One of the first things I hear from people is that eating healthy is too expensive. But that is not always true. While it is a fact that low nutritional foods such as sugary snacks and fatty foods are usually cheaper than their healthy counterparts, it is also true that some healthy foods are comparable in price.
Here are 10 ways for you to eat healthy for less money.
Map out your meals for the week.
Instead of heading off to the store without a meal plan in mind, actually sit down and think about what you are going to fix for the week. This includes each meal and not just dinner. For example, if you usually stop by your local bakery and pick up a muffin or bagel before work, instead buy some whole-wheat English muffins and sugar-free jelly ( ore make a sugar-free fruit topping) and eat that instead. Or if you are trying to cut down on the carbs, you can make some quiche ahead of time and then just pop them in the microwave for a few seconds in the morning and you are ready to go. Just by taking some time to plan out your meals, you can save quite a bit of money and improve you nutrition.
Do your homework.
Take the time to look through the weekly grocery flyers. You can do this while riding your stationary bike or jogging on the treadmill, so it will not take you any additional time. And if there is a good buy on something healthy, stock up. For instance, my local grocery store runs a BOGO on premium tuna fish a few times a year. So when it is on sale I stock up, never having to pay full price.
Use those coupons.
There was a day when cutting out coupons was just not something I did. Now I wonder why I never did it before. Sometimes I will save over $20 in one shopping trip. And it is not stuff that I usually do not buy but rather items I buy frequently. Plus, if my store is running a BOGO on something and I have two coupons, I can use them both. This really ads up.
Buy whole fruits and veggies and cut them yourself.
I know, those little bags are quite convenient, but boy do they cost a lot more. Take those bags of lettuce. Most only have 8 to 10 ounces in them and cost around $3.50 each. But if you buy a whole head of romaine lettuce, you can cut it and clean it, put it in a bag and get three times as much for around $2.50. And the good thing about romaine is that it does not brown as fast as iceberg plus has a lot more nutritional value.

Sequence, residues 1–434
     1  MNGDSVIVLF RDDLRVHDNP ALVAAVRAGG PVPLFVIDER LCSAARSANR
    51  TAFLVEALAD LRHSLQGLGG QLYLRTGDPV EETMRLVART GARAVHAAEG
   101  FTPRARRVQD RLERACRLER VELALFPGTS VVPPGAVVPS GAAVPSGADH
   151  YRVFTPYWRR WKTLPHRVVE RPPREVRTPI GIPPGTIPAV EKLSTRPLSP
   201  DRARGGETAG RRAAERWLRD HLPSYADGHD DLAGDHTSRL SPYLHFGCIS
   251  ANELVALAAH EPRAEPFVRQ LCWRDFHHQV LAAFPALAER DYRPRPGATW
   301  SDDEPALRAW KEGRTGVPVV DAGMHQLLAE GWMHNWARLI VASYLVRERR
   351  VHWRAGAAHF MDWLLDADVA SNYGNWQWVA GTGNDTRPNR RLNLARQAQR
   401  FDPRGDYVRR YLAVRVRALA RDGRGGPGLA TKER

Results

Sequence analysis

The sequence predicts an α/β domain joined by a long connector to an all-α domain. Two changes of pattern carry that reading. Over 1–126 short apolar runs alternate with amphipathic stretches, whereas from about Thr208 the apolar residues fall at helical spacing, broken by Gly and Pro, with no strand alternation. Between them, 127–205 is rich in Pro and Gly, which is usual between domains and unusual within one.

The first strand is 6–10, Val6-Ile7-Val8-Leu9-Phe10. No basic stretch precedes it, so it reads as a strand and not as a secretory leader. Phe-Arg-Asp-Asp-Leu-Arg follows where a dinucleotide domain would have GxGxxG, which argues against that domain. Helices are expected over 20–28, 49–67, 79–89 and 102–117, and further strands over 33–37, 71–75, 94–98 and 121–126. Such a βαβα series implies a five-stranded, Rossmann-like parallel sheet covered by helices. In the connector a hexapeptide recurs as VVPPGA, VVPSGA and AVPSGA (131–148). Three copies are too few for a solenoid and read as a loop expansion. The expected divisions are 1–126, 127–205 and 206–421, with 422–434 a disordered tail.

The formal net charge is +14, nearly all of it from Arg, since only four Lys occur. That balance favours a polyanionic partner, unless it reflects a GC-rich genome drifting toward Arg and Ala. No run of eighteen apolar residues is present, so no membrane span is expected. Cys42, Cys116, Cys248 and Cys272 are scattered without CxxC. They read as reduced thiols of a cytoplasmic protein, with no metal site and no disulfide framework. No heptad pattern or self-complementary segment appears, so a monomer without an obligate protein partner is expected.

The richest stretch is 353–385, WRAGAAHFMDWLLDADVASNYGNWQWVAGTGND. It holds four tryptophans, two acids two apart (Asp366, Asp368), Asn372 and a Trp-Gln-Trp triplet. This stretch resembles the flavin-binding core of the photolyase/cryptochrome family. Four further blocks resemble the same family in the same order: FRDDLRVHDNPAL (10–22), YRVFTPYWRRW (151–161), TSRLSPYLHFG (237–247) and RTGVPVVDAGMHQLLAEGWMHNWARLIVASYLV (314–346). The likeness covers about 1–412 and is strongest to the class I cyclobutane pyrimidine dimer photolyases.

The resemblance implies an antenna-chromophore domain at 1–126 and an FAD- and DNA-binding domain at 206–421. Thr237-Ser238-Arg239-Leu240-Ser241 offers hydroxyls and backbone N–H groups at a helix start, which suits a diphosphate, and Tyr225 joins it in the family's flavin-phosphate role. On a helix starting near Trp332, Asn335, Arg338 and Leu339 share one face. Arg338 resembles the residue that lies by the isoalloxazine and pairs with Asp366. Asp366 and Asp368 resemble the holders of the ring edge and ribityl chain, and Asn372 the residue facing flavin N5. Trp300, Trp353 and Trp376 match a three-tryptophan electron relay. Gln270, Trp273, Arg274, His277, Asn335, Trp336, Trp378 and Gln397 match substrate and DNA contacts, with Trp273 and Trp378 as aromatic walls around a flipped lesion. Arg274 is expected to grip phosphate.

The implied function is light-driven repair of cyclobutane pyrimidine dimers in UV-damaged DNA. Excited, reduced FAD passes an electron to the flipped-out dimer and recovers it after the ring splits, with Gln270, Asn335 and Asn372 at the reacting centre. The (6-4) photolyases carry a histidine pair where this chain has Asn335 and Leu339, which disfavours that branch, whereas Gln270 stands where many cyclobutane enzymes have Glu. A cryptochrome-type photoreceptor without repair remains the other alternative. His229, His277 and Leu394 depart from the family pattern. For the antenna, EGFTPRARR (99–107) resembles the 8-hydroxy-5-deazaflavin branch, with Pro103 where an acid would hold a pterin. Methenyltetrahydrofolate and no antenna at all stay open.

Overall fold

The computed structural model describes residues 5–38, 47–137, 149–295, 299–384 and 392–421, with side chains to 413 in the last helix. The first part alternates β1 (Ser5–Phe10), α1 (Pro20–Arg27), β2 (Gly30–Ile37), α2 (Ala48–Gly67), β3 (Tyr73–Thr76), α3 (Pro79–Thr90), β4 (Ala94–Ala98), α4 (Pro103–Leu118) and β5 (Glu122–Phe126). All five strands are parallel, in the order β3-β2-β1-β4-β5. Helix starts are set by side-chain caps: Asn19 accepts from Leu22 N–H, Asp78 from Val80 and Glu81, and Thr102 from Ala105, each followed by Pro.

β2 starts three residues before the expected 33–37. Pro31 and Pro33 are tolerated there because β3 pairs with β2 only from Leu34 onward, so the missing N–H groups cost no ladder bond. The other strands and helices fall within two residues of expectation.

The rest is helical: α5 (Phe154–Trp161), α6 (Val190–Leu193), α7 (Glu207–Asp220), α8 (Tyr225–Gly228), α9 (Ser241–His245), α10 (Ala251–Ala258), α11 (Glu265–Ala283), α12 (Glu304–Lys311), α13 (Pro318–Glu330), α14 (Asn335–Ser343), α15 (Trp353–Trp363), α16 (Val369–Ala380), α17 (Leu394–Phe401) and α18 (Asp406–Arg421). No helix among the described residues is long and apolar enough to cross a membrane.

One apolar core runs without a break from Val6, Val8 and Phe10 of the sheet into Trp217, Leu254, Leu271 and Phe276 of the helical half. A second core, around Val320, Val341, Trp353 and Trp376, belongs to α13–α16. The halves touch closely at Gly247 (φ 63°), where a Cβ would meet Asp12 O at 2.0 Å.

But produce in season.
While it is true that you can get strawberries and corn on the cob all year round, buying it when it is in season is much more affordable. Plus, you can stock up on some of the items if you know how to can and/or freeze them.
Try the store brands.
Most of us have been well trained to believe that if it is not the brand name item, then it is inferior. But this is not always true. Sometimes the store brand is just as good if not better. Plus some stores even guarantee that if you do not like it as well as the brand name item, they will give you your money back.
Shop farmers markets.
If your town offers a weekly farmer market, then get your healthy fruits and veggies there instead of the store. You will usually find this to be much cheaper than the grocery store, as you are buying directly from the farmer. Plus you can ask them questions such as if they use any pesticides and how long ago was it picked.
Buy in bulk.
Sometimes this makes sense but other times it does not. Only buy the items that you are sure you are going to be able to use. Otherwise you will be throwing money away. For instance, I shop my local Sams Club and get my 95/5 ground turkey for around $11 for 5 pounds. That is $2.20 per pound. Much cheaper than the $4.99 a pound at my local grocery store. Then I just freeze it into 1-pound bags for spaghetti or taco night.
Per serving not per pound.
Don’t just look at the price per pound, which may seem cheaper than the per serving price of some foods. For example, the price per pound of dried fruit may seem a lot more expensive than the fresh variety, however, if you look at the serving size, you may find that the dried variety is actually cheaper per serving. Plus, dried fruit will last longer than fresh. So if you are not sure it will all get eaten, it may be better to buy dried.
Buy dried beans, peas, and lentils.
This can be some of the cheapest and healthiest foods you can find. Dried beans and legumes are loaded with fiber, protein, vitamins, and minerals plus they are low fat and do not contain a bunch of preservatives or salt. You can usually find quite a variety at your local store. And with a 1-pound bag often costing less than $1, you can save quite a bit of money by making your own beans. Just make a big pot at once and freeze any you do not need so you can use them later without having to spend the time prepping them.